Marriott Corporation made more money on all its major businesses last year and total profits jumped 31 percent to a record $71 million ($1.9 a share) from $54.3 million ($1.43), the Bethesda food, lodging and leisure company reported yesterday.

Marriott's sales for the calendar year increased 21 percent to just over $1.5 billion from $1.25 billion.

For the final quarter of 1979, Marriott's earnings were up 23 percent to $17.3 million (51 cents) from $14.1 million (37 cents); sales for the period gained 19 percent to $457 million from $383 million.

"All five of our businesses reported gains for 1979," said President J. W. Marriott Jr. in a statement released with the earnings report. "Emphasis on labor productivity and cost controls helped expand our profit margin," he said.

The biggest percentage gains were turned in by Marriott's pair of theme parks, which have made little money in the past. Theme park profits were up 48 percent and attendance matched the previous year's levels despite gasoline shortages and a shorter operating season.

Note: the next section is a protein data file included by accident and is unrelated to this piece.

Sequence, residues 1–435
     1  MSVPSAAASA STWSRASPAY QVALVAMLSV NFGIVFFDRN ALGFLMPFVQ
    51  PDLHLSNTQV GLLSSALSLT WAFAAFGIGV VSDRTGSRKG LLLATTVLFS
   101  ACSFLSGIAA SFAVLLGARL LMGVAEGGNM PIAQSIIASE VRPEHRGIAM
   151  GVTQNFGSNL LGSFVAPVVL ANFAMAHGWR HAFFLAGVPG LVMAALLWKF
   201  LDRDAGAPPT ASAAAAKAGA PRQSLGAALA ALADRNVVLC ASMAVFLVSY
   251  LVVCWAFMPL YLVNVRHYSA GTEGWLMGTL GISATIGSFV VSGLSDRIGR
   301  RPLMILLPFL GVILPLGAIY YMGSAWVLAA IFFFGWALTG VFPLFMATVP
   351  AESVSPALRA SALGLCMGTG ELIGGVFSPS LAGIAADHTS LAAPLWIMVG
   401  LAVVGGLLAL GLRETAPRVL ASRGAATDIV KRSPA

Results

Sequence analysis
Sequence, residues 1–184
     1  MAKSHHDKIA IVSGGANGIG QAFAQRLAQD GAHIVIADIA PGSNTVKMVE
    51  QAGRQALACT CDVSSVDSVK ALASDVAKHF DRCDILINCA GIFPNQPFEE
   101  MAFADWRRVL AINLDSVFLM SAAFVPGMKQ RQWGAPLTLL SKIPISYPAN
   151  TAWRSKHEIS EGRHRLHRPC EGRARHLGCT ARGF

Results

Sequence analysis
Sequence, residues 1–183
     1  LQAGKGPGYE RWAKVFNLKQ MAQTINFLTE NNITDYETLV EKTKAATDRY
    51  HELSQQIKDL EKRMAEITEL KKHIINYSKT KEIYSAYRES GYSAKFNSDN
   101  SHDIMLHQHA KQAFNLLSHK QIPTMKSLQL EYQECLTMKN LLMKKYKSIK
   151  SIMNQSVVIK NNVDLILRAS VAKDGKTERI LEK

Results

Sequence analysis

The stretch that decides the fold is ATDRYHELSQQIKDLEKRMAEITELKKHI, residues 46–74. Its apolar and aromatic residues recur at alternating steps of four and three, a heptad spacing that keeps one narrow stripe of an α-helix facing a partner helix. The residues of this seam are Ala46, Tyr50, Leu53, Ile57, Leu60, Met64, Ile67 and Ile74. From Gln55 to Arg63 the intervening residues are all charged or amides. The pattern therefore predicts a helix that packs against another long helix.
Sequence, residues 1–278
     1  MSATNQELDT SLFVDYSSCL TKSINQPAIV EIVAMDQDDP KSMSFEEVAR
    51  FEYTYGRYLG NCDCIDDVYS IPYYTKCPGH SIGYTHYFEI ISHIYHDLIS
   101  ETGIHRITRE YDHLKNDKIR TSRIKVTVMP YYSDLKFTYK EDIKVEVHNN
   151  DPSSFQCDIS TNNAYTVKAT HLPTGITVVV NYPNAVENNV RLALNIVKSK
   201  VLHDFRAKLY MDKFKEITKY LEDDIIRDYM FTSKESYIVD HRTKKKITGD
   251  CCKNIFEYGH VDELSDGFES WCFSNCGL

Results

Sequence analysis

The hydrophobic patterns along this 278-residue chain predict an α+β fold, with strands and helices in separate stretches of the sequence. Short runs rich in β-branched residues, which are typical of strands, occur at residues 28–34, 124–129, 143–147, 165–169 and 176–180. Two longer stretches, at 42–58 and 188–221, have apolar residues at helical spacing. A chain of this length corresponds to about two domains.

Gasoline shortages hurt the fast food busines, Marriott said, and earnings were off at the Big Boy and Roy Rogers chains. But total profits of the restaurant division increased 4 percent as a result of gains by the Farrell's and Hot Shoppes operations.

Marriott's Hotels reported a 31 percent increase in sales and a 30 percent gain in profits, and occupancy rates were up to "well above the 80 percent level."

The contract food service division turned in a 34 percent boost in earnings on a 24 percent increase in sales. Record airline travel increased earnings of the company's inflight and terminal services, but Marriott restaurants at major Highway rest areas reported lower earnings.

The company said its cruise ship division, Sun Line, also improved its earnings, but gave no specifics.